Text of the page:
Someone (now a sweet friend) with southern roots once called me from Jackson Hole Wyoming to commission me to do a painting.  Since she also had a vacation home nearby, I suggested that I include the painting in a show I was having  near one of her homes and invited her to come to that show to look at the painting before purchasing it. That way,  if she didn't want it- no pressure- someone else would probably want it. Also she could see my other works. She loved it though- and bought it, and so I gave the gallery it's commission. 

A REAL collector!

I say this to let you know that I'm as honest  as I can be, and will bend over backwards to make buyers happy with a purchase. I try to be fair to collectors, galleries and everyone involved.  I want 100% happiness all the way around. 

But these days I'm getting wary due to so many scammers who contact me. So unless I know them I will check out those who email me because I receive so many emails in broken English with stories of how someone really really loves and wants my work, etc ...and more often than not its just a scam. 

I've never been "taken" but have heard from some who have lost their work. One artist's bank actually took a check and then two weeks after mailing the painting, was told that the check was no good!

My latest was the most authentic sounding email I've ever gotten because it didn't have the usual convoluted story about how he and his wife were moving and needed it in a hurry. etc, etc,.... and it was from the UK - a country which I've never had any scam attempts before. Here are the actual emails:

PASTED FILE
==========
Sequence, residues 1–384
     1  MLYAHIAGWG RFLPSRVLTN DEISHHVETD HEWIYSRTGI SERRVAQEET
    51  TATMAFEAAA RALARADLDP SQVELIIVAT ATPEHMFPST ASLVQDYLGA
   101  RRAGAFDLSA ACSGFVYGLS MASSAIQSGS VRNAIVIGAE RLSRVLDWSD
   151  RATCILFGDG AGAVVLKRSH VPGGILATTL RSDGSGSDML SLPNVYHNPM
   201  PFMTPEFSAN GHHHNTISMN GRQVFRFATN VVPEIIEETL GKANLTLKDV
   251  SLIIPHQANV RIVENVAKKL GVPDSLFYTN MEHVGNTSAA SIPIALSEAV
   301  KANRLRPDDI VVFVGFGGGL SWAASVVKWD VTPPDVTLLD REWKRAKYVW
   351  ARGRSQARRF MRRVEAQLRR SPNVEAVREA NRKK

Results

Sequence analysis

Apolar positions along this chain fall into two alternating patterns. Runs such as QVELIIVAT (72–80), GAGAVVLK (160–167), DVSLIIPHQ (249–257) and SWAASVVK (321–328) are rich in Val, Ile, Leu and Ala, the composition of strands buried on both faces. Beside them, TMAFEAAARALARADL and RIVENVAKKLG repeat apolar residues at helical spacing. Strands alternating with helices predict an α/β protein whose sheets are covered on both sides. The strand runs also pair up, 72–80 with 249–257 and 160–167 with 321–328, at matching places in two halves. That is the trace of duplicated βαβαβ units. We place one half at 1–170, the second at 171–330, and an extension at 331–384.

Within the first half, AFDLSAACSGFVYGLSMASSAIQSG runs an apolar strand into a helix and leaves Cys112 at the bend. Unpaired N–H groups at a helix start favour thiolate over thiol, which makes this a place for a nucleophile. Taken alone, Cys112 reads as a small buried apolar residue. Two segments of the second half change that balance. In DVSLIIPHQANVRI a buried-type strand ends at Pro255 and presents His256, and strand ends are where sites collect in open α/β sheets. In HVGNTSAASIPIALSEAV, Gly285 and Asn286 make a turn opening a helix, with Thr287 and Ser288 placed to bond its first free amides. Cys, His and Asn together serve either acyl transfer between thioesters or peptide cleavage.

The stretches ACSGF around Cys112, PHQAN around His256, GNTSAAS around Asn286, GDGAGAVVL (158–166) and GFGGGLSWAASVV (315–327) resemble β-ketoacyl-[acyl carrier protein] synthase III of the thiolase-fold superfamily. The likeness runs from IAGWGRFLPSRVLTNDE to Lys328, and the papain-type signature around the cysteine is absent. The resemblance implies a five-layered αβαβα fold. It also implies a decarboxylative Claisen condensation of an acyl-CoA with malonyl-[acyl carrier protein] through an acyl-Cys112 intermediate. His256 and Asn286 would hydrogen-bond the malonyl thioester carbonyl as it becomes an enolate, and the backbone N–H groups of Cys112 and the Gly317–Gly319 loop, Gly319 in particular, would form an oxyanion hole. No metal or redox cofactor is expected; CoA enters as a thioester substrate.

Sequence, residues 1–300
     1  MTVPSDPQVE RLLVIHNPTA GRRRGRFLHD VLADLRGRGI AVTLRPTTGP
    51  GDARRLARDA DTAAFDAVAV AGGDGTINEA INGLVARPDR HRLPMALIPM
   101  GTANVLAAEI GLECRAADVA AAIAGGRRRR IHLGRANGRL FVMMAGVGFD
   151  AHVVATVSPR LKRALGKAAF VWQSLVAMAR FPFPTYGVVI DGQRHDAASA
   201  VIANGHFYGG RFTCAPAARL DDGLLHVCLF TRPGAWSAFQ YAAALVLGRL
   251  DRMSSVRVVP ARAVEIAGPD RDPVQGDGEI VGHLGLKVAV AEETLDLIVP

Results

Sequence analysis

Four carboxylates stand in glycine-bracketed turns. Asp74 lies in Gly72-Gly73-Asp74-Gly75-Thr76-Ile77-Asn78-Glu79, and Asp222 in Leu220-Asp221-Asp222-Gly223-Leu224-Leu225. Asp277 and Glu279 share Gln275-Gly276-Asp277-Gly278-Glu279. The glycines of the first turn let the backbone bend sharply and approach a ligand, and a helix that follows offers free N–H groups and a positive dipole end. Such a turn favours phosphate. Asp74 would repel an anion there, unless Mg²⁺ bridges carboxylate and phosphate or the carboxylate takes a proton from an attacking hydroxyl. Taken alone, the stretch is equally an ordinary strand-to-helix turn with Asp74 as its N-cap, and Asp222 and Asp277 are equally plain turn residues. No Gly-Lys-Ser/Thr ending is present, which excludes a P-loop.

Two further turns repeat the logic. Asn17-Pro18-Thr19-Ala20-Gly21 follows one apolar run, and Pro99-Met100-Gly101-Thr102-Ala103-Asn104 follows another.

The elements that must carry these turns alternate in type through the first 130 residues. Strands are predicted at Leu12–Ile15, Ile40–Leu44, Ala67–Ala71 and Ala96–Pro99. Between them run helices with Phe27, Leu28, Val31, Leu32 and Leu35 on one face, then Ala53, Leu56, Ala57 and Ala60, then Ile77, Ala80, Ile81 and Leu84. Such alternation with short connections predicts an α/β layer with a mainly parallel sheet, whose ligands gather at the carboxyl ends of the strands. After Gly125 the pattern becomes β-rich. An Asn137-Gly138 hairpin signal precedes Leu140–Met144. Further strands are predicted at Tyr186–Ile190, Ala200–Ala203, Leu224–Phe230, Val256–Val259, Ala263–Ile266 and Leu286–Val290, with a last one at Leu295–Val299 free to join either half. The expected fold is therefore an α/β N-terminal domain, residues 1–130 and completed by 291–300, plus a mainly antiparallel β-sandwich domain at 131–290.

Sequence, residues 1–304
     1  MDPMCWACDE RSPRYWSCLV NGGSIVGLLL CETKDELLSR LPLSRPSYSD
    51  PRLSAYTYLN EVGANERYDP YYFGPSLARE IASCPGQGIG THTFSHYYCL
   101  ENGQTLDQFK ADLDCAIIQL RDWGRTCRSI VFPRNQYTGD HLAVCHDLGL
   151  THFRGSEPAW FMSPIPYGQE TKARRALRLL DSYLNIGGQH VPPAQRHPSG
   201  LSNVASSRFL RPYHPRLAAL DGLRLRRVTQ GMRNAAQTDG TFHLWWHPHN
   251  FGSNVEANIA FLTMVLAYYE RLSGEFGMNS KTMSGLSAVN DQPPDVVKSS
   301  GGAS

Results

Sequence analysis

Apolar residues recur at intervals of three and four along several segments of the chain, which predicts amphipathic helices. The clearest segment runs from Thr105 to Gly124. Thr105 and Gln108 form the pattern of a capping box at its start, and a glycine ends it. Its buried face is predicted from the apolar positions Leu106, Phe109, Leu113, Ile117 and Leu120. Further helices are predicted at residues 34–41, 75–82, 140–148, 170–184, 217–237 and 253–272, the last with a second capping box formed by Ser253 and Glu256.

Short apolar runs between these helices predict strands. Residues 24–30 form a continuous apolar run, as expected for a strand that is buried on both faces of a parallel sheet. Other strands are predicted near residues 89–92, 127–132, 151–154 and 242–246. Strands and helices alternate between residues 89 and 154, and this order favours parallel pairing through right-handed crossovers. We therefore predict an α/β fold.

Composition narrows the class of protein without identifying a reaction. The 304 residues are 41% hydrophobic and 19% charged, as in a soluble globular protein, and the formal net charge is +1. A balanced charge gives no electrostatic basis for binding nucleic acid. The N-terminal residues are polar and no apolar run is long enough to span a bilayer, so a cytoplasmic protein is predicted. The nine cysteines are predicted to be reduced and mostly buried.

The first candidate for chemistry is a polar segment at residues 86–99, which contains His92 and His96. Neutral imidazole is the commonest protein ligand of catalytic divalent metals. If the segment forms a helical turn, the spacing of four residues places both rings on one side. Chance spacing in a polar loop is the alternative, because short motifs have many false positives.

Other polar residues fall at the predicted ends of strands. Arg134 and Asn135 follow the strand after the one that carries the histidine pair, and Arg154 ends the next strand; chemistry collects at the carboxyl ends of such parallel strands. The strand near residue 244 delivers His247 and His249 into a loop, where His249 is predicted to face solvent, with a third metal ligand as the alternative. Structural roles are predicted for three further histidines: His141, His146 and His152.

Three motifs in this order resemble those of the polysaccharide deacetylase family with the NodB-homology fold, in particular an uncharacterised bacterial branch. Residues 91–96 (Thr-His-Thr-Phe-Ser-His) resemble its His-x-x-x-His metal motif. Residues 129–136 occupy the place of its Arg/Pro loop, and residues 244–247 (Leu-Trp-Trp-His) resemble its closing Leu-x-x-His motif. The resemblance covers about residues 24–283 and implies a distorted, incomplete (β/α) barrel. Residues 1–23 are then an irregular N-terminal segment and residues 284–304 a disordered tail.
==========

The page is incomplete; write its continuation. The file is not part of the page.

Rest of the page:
----- Original Message -----
Sent: Saturday, November 26, 2011 9:54 AM
Subject: Fall Lake Oil on Linen 11 x 14

Hello there,
My name is Rupert. Was going through your works and love this piece. am really interested I would like to make the purchase if it is still available.

Thanks and i await your response.


----- Original Message -----
Sent: Saturday, November 26, 2011 1:50 PM
Subject: Re: Fall Lake Oil on Linen 11 x 14

Hi Rupert,
This painting is available, and in my gallery- Southern Breeze Gallery. You can see it here at http://www.southernbreeze.net/tour156.htm
I see that it is listed as a 9x12 ...and priced accordingly.... but if my memory serves me right it was actually an 11x14. They will check and let you know if you contact them through the gallery.
Thank you for your interest in my work and let me know if I can help you with anything.

From this you can see the problem and time it takes with each of these scams. After writing him, I decided to search for a "data bank" to check out scammers and Googled this name & email:

 Rupert Smallwood and his Email: rupertsmall@yahoo.co.uk 

I found out there was such a site online.  Artquest has a list with probable art scammers and my old buddy Rupert was among them! I'm not surprised, just wish I'd checked before involving my gallery. I have no idea how accurate this site is and do not know whether this person is actually a scammer, but I'm not risking my artwork to find out......So now I am backtracking and sent my gallery the following email.

 Hi -
 Sorry- just checked and found that this is probably a SCAM. Do not respond to this email.  Googled his email address right after I wrote him that you had the painting, and got a long list of suspected art scammers. His email and name matched exactly. You may want to save this link:

Just wanted you artists who read my blog know about this list on Artquest's site !

But it's all good. I escaped unscathed and hope that you do so as well. Keep the brushes flying and I wish you many sales.